Petroleum Licences/Contracts: Force Majeure and Renegotiation Issues in Relation to the Recent Oil Price Collapse

Lynch, Joyce C (1987) Petroleum Licences/Contracts: Force Majeure and Renegotiation Issues in Relation to the Recent Oil Price Collapse. LL.M(R) thesis, University of Glasgow.

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The purpose of this paper is to consider the legal ramifications which are thrown up once there is a contract in place between the host state and an oil company for the exploration and exploitation of its oil resources and a massive change in the pricing structure occurs. The specific area of concern is the contractual obligations in relation to the drilling of exploratory wells in the work programme which in most cases constitute a basic term of the contract and which under the United Kingdom petroleum regime is considered a precondition to the grant of a licence to explore and exploit the oil resources. The discussion is centred around the U.K. petroleum arrangements mainly because former British Colonies including Trinidad and Tobago which are oil producers have relied upon the U.K. regime as a working model. It is being argued that the petroleum "contract" has undergone changes overtime unlike a contract in classical terms, moving away from the concept of a grant of a "concession" or "licence" to the foreign oil companies, who held the balance of the power because of their massive capital and technology, to the notion of the modern day governmental contract where, although its legal nature is controversial, its effect is essentially a mutual economic arrangement under which the foreign oil companies' profit expectations are balanced by the host states' interest in achieving maximum economic benefits for its oil resources in the national interest. In addition, the agreement is being concluded against a very complex background of inter alia emerging international legal norms and principles respecting permanent sovereignty over natural resources and a new international economic order, an unregulated international oil market as well as diverse political and social factors. The central issue is whether in the changed economic conditions brought on by the recent oil price collapse the oil companies can claim a right to renegotiate the contract in relation to the work obligations in the work programme in order to secue their profit expectations whether or not a stipulation for renegotiation exists in the contract. Related issues concern the general nature and legal nature of the petroleum contract concluded between a state party and private companies and the general nature and legal nature of the concept of force majeure and whether such a concept is applicable in the case where some oil companies have claimed that the drilling obligations have become too onerous because of the drastic price fall. Finally, it is being contended that in the complex oil industry the future would reveal shifts in the balance of power with the foreign investors claiming increased rights inter alia the right to renegotiate the work programme when economic conditions have changed and which would most certainly impact upon the British law and practice that at present, in certain respects, operate contrary to international practice in the oil industry.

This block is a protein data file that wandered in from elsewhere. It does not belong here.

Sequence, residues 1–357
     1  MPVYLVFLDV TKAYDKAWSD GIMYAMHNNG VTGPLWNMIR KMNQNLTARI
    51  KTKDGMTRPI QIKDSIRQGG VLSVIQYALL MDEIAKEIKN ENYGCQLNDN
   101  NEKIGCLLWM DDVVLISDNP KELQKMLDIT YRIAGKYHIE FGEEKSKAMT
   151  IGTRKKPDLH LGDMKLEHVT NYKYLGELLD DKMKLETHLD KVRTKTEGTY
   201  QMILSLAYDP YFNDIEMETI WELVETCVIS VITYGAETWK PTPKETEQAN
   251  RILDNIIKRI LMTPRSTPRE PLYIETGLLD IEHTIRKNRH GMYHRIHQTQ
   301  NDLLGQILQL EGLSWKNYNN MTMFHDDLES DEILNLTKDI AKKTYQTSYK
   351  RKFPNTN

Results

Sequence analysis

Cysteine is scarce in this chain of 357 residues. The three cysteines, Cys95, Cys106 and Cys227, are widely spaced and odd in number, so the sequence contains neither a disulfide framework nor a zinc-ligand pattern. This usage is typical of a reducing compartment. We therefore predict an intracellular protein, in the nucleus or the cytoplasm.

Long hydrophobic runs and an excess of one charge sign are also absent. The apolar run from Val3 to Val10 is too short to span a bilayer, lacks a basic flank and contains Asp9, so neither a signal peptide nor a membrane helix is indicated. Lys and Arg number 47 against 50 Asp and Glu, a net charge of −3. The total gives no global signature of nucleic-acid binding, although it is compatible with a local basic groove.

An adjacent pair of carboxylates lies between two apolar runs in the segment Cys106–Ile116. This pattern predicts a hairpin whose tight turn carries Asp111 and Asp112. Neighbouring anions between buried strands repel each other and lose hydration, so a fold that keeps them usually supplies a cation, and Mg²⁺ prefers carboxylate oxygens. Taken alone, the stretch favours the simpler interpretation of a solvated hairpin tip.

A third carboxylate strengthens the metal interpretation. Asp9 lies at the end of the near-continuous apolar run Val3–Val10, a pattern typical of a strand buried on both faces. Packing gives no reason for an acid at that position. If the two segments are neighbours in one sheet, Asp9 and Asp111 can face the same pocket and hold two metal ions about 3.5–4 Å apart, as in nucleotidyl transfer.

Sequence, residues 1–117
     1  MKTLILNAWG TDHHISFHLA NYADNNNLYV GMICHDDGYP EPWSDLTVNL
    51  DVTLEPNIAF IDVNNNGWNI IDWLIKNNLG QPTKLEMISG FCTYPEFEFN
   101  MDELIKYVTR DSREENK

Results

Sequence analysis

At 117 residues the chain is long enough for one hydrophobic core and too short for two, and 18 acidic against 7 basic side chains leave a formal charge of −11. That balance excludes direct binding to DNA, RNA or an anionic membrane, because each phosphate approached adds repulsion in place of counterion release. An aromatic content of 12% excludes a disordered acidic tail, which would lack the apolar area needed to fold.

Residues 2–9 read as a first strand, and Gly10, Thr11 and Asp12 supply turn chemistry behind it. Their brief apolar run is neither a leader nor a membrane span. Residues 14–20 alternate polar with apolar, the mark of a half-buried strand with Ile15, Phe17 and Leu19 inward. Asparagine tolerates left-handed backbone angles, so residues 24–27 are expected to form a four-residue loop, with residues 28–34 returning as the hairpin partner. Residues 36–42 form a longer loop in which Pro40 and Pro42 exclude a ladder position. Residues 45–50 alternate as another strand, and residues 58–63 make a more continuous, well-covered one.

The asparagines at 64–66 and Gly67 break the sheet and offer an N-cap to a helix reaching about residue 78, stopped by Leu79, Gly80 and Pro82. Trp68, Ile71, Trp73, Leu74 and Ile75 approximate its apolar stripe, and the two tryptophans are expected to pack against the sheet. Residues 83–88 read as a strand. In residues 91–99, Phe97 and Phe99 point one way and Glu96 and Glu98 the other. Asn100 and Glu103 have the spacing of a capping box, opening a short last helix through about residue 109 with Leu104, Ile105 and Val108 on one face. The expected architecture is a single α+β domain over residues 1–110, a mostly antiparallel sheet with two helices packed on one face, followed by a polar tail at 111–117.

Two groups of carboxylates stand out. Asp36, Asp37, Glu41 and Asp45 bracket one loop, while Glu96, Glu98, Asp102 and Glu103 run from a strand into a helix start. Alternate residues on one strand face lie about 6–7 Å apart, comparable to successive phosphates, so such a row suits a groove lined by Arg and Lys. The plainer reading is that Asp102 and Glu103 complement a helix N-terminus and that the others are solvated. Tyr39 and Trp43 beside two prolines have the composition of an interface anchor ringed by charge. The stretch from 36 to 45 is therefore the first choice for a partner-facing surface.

Item Type: Thesis (LL.M(R))
Qualification Level: Masters
Keywords: Law
Date of Award: 1987
Depositing User: Enlighten Team
Unique ID: glathesis:1987-77617
Copyright: Copyright of this thesis is held by the author.
Date Deposited: 14 Jan 2020 11:53
Last Modified: 14 Jan 2020 11:53

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